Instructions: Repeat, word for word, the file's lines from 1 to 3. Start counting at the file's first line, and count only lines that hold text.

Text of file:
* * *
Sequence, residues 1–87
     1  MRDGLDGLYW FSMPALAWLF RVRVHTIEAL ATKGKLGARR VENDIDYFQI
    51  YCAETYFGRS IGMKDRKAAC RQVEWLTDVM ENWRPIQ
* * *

Sequence, residues 1–87
     1  MRDGLDGLYW FSMPALAWLF RVRVHTIEAL ATKGKLGARR VENDIDYFQI
    51  YCAETYFGRS IGMKDRKAAC RQVEWLTDVM ENWRPIQ